How Much Should We Expect from Le'Veon Bell in 2014?

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How Much Should We Expect from Le'Veon Bell in 2014?
Jeffrey Phelps/Associated Press
Le'Veon Bell posted his first 100-yard game at Green Bay in Week 16.

If Pittsburgh Steelers running back Le'Veon Bell picks up where he left off at the end of the 2013 season, he'll be the engine of a powerful offense in 2014.

A realistic goal for Bell in 2014-15 would be to match the contributions Rashard Mendenhall made before 2012.

That might not seem like a lofty standard because of the acrimonious way Mendenhall's career ended in Pittsburgh. But the Steelers haven't had a 1,000-yard rusher since Mendenhall put together back-to-back 1,000-yard seasons in 2009 and 2010.

The Steelers haven't had a legitimate featured back since Mendenhall tore his ACL in the 2011 regular-season finale, and that's coincided with their two-year playoff absence.

Bell showed toward the end of his rookie season that he can provide what Mendenhall did. When he reaches that level, he can set his sights higher.

After missing the first three games of the season with a foot sprain, Bell ran for 860 yards in 13 games. He averaged just 3.5 yards per carry but ran for better than four yards a carry in four of the last five games.

Le'Veon Bell's Last Five Games
Rushing Attempts Rushing Yards Yards Per Carry Rushing Touchdowns
At Baltimore 16 73 4.6 1
Miami 15 61 4.1 0
Cincinnati 24 57 2.4 1
At Green Bay 26 124 4.8 1
Cleveland 20 90 4.5 1

NFL.com

Bell ran for the first 100-yard game of his career and the first 100-yard performance by any Steelers runner in nearly a season and a half in the Steelers' 38-31 win at Green Bay in Week 16. Bell gained 124 yards on 26 carries with a touchdown in that game.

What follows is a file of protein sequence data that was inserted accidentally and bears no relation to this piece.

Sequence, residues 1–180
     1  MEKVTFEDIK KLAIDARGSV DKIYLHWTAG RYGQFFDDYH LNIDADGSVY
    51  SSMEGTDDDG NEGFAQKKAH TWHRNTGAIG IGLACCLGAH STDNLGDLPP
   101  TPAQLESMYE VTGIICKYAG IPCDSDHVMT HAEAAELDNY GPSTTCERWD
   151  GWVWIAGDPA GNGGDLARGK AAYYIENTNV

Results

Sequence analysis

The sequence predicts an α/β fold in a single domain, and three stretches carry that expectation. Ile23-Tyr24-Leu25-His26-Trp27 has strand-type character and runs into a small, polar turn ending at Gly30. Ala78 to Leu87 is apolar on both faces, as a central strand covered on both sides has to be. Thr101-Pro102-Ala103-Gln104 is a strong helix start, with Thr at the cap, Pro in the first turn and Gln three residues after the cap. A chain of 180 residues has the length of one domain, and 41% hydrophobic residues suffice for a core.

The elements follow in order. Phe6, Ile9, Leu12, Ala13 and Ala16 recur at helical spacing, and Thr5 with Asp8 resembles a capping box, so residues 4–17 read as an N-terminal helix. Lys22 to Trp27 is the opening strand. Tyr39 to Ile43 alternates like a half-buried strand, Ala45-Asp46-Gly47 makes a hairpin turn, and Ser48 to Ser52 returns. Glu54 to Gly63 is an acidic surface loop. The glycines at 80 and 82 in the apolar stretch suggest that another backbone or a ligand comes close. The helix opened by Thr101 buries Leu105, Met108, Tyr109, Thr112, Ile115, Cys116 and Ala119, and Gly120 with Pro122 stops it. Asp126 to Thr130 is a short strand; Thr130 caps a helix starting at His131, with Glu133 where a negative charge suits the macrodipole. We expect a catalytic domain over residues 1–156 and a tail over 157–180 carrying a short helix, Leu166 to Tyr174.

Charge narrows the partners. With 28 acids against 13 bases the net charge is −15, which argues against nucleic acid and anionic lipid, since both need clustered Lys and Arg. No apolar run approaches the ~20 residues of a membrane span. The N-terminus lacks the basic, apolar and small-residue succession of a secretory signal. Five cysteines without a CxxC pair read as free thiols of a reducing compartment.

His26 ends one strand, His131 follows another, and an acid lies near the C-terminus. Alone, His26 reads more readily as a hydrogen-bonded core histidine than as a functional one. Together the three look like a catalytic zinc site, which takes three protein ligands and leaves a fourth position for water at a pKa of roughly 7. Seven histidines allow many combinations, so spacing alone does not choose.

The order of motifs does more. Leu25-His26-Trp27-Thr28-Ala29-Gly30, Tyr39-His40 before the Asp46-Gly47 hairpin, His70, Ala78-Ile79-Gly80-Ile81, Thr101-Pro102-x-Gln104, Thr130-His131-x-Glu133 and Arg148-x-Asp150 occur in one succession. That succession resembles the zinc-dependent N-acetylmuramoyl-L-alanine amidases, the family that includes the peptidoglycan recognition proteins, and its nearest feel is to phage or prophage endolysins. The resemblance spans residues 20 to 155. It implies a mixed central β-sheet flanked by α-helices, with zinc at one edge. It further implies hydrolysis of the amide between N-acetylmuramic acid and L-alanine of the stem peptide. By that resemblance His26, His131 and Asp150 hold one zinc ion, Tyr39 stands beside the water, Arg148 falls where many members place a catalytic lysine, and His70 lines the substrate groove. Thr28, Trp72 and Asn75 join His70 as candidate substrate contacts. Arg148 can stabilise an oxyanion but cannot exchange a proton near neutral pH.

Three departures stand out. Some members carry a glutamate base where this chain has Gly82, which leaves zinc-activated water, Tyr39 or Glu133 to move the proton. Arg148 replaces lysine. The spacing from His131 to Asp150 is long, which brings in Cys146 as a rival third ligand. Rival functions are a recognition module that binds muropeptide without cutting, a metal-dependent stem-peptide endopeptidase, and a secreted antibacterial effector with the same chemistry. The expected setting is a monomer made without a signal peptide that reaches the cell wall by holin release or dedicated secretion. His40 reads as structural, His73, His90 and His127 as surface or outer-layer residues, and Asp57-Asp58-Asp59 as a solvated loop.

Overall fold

As if Steelers fans needed to be reminded of a running back fumbling in a big game against the Packers, Bell coughed it up for the first time in his career at Lambeau Field.

Unlike Mendenhall in Super Bowl XLV, however, Bell got another chance. On his next carry, he ran for 25 yards on the first play of an eventual touchdown drive that gave the Steelers the lead late in the third quarter.

The competitiveness Bell displayed in immediately making up for his mistake shows that he has more passion than, say, a running back who doesn't even show up for a game in which he isn't activated.

Bell also proved to be difficult to tackle. Of his 860 yards, 516 came after contact. That tied him with Maurice Jones-Drew for 14th in the NFL, according to Pro Football Focus (subscription required).

Justin K. Aller/Getty Images

Bell also was 16th among NFL running backs with 45 receptions, although he was fourth with seven dropped passes. Bell's 45 catches were the most by a Steelers running back since John L. Williams caught 51 in 1994. Mendenhall never caught more than 25 passes in a season, according to Pro Football Reference, and Bell's 1,259 yards from scrimmage broke Franco Harris' franchise record for rookies.

If Bell can stay healthy in 2014, he can give the Steelers their first 1,000-yard season since 2010. If he can work on his hands and his blocking (PFF ranked him as the league's 12th-worst blocking running back), he can become a multi-faceted weapon.

Wesley Hitt/Getty Images

Ben Roethlisberger threw for 16 touchdowns and five interceptions in the second half of the 2013 season, and he's finally playing behind an offensive line that can protect him. He was sacked just seven times in the last seven games. Antonio Brown caught 110 passes for 1,499 yards, both second in the NFL. The Steelers offense scored at least 20 points in nine straight games for the first time since 2002, according to Pro Football Reference.

This is an offense on the rise. By forcing opposing defenses to respect both the pass and the run, Bell can help the unit become a feared offense.

 

Statistics are from NFL.com unless otherwise noted.

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